I never did any kind of testing of my camera equipment before but sitting here this evening I said I’d conduct a quick & simple test (it was very quick & very simple). The reason for doing so was born out of intrigue having recently had reason to debate the effectiveness of on/in-lens image stabilisation, that glorious feature that helps you take handheld shots anywhere from 2-4 stops slower than with image stabilization off, depending on its effectiveness. So I pulled out my camera & image stabilised zoom & got to work.
Paragon Of Optics
I’ve had my Sigma 18-200mm f/3.5-6.3 zoom, that paragon of optics, for some 2 years now but I never really thought too much about its OS feature (OS, standing for Optical Stabilisation, is Sigma’s variant of the technology). Up until now I had just assumed it worked. After all, the lens manufactures wax lyrical about the benefits of the feature & stabilised versions of lenses are a lot more expensive than their non-stabilised brethren. I don’t use the lens all that often & even when I do I work within its limitations, rarely using it in anything other than bright light when the need for image stabilisation is reduced. So I’ve never had reason to test it myself, until now.
The lens was mounted on my EOS 60D which was set to P mode with mostly auto settings (ISO & white balance). Centre point AF focusing was selected & the lens extended to 200mm. Given the low-light conditions the camera shot at iso3200 with the lens at aperture f/6.3, its widest possible aperture value at that focal length. This is the condition (low light) & zone (above f/5.6) where these cheap, all-in-one walkaround lenses may suffer with focusing difficulty, although on this occasion the camera locked focus pretty quickly. This was to be expected given that both the camera & subject were stationary relative to each other & I was selecting the AF point, not leaving it up to the camera, something you really should be doing if using this particular lens at this focal length in low light which, let’s be honest, is something you shouldn’t be doing anyway – those limitations I spoke of.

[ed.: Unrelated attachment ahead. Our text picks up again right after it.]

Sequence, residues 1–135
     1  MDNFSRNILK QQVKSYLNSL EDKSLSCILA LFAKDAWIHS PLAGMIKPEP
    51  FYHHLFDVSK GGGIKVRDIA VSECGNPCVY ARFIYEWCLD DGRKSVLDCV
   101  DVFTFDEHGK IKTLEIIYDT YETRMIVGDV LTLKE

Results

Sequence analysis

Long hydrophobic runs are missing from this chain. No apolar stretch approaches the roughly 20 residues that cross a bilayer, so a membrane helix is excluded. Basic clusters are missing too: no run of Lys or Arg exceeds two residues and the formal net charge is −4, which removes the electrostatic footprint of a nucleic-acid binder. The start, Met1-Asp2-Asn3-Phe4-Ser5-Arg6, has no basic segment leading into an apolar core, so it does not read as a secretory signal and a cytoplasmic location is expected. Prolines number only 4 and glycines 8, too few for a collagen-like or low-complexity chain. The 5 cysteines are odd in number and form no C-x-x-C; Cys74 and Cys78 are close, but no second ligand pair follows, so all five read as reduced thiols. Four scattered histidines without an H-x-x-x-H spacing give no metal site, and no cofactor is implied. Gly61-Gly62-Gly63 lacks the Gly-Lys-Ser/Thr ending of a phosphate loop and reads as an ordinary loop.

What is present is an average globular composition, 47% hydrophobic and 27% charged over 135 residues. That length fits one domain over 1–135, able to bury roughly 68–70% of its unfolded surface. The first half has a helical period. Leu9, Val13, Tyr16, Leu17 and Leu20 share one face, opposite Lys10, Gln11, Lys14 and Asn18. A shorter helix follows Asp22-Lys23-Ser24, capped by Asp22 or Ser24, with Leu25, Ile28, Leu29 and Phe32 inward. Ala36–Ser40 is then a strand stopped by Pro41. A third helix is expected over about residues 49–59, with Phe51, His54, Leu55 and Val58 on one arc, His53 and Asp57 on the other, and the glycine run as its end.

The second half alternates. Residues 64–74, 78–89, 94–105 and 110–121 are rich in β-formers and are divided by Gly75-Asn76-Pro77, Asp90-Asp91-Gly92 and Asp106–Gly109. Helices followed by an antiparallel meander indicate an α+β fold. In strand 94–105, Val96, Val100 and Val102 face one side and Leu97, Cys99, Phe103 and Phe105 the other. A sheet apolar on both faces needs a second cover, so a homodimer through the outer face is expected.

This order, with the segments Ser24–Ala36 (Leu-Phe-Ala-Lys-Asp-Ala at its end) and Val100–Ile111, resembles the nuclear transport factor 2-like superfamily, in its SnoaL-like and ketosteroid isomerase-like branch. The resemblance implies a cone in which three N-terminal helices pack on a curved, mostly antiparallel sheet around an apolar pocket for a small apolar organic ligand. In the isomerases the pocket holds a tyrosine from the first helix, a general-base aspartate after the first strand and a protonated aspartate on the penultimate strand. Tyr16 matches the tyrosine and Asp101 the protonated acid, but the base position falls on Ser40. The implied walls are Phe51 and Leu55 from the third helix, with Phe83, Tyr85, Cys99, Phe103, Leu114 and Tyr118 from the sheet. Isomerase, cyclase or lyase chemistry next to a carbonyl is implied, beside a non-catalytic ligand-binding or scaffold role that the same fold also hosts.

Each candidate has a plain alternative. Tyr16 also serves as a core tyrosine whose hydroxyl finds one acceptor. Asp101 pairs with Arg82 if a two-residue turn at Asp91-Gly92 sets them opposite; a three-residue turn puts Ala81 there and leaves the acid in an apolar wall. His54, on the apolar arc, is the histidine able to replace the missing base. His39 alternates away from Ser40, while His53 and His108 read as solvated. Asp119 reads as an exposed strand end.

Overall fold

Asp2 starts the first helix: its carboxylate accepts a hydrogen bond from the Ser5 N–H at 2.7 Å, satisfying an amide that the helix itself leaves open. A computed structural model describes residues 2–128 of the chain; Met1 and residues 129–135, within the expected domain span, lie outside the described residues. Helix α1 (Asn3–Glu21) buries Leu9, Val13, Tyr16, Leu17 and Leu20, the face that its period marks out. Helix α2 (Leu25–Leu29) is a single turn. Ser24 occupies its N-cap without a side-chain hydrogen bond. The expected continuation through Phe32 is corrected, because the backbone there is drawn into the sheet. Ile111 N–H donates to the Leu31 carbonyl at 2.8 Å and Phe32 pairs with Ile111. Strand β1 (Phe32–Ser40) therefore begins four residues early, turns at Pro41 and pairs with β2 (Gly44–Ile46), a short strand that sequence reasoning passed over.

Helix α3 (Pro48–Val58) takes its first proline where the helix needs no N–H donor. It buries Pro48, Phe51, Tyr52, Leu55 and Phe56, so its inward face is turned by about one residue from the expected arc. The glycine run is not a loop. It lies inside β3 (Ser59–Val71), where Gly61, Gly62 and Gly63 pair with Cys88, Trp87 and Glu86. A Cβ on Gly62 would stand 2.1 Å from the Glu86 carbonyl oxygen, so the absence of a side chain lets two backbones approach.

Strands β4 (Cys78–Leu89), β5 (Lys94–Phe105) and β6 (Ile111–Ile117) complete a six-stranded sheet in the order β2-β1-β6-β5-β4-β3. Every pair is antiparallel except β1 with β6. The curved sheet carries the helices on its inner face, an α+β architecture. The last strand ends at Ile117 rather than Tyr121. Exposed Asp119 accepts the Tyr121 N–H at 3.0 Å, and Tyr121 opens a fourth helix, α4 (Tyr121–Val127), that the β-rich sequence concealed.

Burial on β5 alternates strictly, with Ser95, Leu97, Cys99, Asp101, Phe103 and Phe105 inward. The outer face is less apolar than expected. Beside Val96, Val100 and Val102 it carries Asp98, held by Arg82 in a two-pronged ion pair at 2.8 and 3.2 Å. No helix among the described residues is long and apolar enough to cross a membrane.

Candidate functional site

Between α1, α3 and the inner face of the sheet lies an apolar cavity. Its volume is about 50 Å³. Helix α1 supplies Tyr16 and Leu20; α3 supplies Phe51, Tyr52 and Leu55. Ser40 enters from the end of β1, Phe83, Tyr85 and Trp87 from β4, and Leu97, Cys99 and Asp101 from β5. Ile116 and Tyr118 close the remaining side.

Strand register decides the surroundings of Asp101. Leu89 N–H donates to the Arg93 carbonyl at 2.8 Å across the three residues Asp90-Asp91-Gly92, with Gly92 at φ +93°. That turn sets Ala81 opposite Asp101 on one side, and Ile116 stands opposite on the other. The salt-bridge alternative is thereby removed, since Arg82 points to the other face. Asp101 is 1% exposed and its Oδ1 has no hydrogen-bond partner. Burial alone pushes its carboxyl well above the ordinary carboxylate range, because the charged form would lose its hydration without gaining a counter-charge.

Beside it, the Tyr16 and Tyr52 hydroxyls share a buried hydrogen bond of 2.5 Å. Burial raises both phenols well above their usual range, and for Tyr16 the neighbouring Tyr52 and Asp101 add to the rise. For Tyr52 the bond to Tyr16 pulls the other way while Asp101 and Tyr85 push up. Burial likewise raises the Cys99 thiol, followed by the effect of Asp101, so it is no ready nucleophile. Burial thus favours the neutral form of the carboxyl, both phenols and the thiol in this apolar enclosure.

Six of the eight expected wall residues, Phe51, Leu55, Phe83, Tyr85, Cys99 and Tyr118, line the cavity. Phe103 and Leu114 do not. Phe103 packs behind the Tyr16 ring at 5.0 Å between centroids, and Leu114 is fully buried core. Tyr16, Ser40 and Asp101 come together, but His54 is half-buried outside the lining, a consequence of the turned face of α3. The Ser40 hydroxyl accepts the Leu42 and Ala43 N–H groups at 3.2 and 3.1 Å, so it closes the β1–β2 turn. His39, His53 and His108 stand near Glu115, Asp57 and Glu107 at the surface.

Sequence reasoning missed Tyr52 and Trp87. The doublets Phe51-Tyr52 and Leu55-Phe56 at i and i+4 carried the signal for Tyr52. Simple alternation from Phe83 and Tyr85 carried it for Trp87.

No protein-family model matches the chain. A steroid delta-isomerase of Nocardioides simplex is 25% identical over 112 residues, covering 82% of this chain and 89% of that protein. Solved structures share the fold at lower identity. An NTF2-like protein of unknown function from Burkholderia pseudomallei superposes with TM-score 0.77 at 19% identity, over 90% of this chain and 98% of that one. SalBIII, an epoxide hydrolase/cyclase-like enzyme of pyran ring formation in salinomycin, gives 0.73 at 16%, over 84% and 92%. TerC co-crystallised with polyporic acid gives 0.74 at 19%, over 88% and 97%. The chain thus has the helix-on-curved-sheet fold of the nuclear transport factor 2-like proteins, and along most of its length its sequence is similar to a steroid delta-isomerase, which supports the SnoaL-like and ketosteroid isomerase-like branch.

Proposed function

Anyway, I digress. The test, such was its complexity, saw me taking 10 hand-held pictures in low light – 5 with image stabilisation disabled & 5 with it enabled. I refocused each & every time & tried my damnedest to feather the shutter button as delicately as possible – & capture the image as quickly as possible – after focus was signaled as having been reached. Shown below are the best 2 image captures, image 1 the best of the non-OS-enabled captures & image 2 the best of the OS-enabled captures.
From this simple test alone it’s pretty obvious that this whole image stabilisation lark works, even with a budget-esque Sigma zoom. And it’s pretty conclusive when one considers that the worst of the OS-enabled images I captured was still way better than the best of the non-OS-enabled images I captured.
So there we have it. My first camera equipment test, unequivocally proving what everyone already knew.
Right, I’m off to find something else to test.
Update: November 14th, 2011
I found this video courtesy of Camera Technica which shows the IS operation of a Canon 18-55mm kit lens. There’s a good article to accompany it too. The bottom line is they agree with me, that IS works! So that’s good to know.
– Ken Rockwell – Why IS & VR Matter